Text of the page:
To make your roux, add your flour and fat to the pan, keep the heat manageable, (it can burn and stick if your heat is too high– medium heat is fine), and stir frequently until you reach the color you want. For gumbo, you want a chocolate roux. This will take some time and a lot of stirring, but it’s worth it. Concentrate closely on the state of your roux as you approach a chocolate color.  It will smell nutty, then toasty, and just when it is on the very edge of smoky, add your liquid. You now have the base for a deep and complex stew, you roux-master, you. Now get out there and make some gumbo.

Good Luck Gumbo


  • 2 cups dried black-eyed peas
  • 1 head greens, such as Collard
  • 1 onion, diced
  • 1 green bell pepper, diced
  • 3 individual stalks celery, diced
  • 6 cloves garlic, minced
  • 1/2 cup flour
  • 1/3 cup olive oil
  • 4 andouille sausages
  • 8 cups chicken stock or broth
  • 1/2 teaspoon ground cayenne pepper
  • 1 teaspoon thyme
  • 1 teaspoon paprika
  • to taste, salt
  • to taste, black pepper
  • more olive oil, for frying the sausage and vegetables
  • 3 teaspoons filé powder
  • 1 bunch scallions, diced for garnish

Cooking Directions

  1. Soak your black-eyed peas overnight.
  2. Wash your greens; remove any thick stems or ribs. Cut the leaves into narrow strips. Pre-cook in salted water until nearly tender; set aside.
  3. Slice your andouille sausages to between 1/4-1/2 inch a slice, on the bias.
  4. Pull out a nice big cast iron dutch oven, heat some olive oil, and fry up your sliced andouille until lightly browned. Pull out the browned sausage and set aside for later.
  5. Put your diced trinity veggies (green peppers, onion, celery) into the hot oil and cook until soft.
  6. Add the minced garlic, spices, salt and pepper and cook briefly while stirring to bloom the spices. Pull out your vegetable/spice mixture and set aside for later.
  7. Add your measured 1/2 cup flour and 1/3 cup olive oil into the hot dutch oven. Stir frequently and carefully until you achieve a chocolate roux. This will take some minutes and patience, so turn on some music first.
  8. As soon as your roux has reached the chocolate stage, add the chicken stock or broth, pour the vegetable/spice mixture back in, add your pre-soaked black-eyed peas, and leave to simmer.
  9. Once your black-eyed peas are tender, you can serve any time. Shortly before you're ready to serve, turn off the heat.
  10. Once the gumbo is no longer bubbling, stir the browned sausage back in, add the cooked greens (and a little of their vitamin-packed cooking liquid), and stir in the filé powder. (Don't ever add filé powder to a bubbling stew; if it gets too hot it will get stringy instead of thickening the stew properly.)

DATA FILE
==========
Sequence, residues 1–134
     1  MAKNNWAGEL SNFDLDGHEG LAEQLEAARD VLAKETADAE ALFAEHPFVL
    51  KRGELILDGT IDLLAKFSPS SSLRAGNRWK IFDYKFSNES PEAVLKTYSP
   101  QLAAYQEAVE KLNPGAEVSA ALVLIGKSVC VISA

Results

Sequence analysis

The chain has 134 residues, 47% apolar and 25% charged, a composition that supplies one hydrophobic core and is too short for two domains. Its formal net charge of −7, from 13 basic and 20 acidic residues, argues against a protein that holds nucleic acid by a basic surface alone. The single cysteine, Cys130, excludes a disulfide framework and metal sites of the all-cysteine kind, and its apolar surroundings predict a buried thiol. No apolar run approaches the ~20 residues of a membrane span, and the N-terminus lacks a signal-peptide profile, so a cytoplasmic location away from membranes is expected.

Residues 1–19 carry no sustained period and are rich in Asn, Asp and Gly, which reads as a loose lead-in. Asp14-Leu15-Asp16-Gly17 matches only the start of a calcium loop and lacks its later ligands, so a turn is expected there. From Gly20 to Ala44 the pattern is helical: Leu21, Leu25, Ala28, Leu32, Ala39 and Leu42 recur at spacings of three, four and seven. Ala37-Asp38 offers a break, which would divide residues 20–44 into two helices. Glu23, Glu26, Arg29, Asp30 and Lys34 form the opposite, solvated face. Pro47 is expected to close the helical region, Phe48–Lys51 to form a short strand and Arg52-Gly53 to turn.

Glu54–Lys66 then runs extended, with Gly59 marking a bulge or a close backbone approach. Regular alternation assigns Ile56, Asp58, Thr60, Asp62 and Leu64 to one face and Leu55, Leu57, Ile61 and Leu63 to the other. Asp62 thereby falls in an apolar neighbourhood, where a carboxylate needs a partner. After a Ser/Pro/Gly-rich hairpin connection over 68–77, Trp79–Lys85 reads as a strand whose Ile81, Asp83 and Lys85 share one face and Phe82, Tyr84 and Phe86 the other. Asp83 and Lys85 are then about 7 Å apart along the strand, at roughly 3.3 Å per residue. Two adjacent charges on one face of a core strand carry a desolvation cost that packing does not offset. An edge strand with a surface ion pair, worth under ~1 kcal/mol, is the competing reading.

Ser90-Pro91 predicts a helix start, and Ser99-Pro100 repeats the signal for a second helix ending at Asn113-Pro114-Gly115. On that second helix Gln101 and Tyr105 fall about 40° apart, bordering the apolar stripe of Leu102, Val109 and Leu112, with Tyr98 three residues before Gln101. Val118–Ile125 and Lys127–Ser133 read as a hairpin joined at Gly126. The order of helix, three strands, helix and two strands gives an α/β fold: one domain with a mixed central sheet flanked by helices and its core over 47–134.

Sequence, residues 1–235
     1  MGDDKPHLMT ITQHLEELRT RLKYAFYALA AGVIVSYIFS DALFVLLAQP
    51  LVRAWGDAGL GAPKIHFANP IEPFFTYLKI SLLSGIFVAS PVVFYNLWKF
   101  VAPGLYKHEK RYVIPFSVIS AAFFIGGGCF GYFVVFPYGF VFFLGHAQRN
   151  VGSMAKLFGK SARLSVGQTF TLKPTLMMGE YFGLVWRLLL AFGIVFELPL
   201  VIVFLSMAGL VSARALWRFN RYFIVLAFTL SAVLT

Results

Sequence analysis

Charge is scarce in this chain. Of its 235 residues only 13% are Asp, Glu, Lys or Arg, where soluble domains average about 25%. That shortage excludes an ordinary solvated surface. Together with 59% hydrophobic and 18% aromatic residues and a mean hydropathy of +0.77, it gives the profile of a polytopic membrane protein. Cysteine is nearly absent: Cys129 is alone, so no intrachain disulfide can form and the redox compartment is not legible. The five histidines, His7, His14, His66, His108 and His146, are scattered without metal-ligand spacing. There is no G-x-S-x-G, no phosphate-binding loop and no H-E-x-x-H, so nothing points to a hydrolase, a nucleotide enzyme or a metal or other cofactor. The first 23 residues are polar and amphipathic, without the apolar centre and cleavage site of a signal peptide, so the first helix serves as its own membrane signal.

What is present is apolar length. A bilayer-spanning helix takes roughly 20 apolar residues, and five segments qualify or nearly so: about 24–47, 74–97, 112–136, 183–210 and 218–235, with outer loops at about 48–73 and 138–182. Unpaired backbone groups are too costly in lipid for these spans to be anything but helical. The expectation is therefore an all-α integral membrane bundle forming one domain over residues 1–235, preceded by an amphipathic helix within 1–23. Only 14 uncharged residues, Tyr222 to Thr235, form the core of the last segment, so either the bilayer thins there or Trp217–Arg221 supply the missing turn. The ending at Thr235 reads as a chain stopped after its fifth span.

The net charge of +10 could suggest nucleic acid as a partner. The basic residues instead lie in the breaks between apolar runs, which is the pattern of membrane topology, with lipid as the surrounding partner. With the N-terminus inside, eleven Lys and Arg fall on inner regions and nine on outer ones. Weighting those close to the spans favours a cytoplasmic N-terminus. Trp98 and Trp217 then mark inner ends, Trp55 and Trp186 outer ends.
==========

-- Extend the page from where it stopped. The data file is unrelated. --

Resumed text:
11. Taste; add more salt if necessary.
  12. Serve over cooked long-grained white rice.

Dec 222012

I grew up in California, one side of my family is Mexican, and let me be the first to tell you that it simply is not Christmas without tamales.

The Sumptious Interior of a Beef  in Red Mole Tamale

The Sumptuous Interior of a Beef in Red Mole Tamale


Some people will tell you that the proper Christmas tamale is sweet; the masa infused with cinnamon and raisins, or for the even more wayward, pineapple or strawberry. These people are wrong.

The tamale you really want, this time of year, is one of savory meat in a spice-inflected red chile sauce, encased in flavorful, airy masa (treated ground cornmeal mixed with liquid and fat– more on that below), and wrapped and steamed in a corn husk.

Another acceptable variation, (although to some members of my family, this is blasphemy), is the cheese-and-jalapeno filled.  Gooey, melting white cheese (Monterey jack is fine) and jalapenos en escabeche, (pickled jalapenos, with carrots and onions– like these) are an inspired filling.

Now that we have our basic description of the proper tamale out of the way, I have a confession. I’ve never made the masa from scratch. Some years ago, when cousins and uncles and I revived the tamale-making tradition, (which had otherwise taken a 15-year or so hiatus in our particular branch of the family, which spent the nineties and early aughts relying on the kindness of strangers, (or at least their willingness to sell us a few dozen) and the occasional benevolence of a distant relative), we discovered that prepared tamale masa could be purchased from Mexican markets and bakeries. This purchase can cut hours from tamale production time, (which already takes the better part of a day.) Reader, we purchased it. We have not looked back.